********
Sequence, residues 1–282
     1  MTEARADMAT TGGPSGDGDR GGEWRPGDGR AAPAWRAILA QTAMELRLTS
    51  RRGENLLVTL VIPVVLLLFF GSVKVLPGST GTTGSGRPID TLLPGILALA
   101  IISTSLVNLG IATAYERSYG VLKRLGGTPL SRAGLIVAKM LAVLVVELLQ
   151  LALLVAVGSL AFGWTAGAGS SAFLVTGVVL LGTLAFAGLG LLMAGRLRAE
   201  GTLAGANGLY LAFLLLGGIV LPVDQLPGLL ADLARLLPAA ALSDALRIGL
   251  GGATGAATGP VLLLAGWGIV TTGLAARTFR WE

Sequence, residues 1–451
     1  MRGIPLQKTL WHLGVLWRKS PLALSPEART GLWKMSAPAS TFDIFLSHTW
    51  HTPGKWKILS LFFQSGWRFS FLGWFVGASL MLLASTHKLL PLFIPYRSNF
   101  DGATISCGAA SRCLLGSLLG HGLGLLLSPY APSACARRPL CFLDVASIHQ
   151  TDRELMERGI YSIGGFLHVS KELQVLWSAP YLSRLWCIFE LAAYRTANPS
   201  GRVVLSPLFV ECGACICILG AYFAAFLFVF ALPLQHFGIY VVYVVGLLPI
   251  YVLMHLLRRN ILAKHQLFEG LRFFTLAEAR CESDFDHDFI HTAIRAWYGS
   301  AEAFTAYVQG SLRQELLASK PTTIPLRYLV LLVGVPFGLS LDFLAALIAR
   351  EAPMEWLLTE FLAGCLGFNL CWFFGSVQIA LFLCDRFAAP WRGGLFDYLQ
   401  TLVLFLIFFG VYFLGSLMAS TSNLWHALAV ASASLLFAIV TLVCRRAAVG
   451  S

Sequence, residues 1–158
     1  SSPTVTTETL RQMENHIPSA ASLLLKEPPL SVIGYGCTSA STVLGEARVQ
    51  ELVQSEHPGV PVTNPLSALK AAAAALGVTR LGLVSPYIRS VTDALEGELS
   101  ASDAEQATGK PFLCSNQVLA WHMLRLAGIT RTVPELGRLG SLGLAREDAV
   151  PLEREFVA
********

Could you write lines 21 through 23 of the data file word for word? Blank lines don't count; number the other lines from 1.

    51  ELVQSEHPGV PVTNPLSALK AAAAALGVTR LGLVSPYIRS VTDALEGELS
   101  ASDAEQATGK PFLCSNQVLA WHMLRLAGIT RTVPELGRLG SLGLAREDAV
   151  PLEREFVA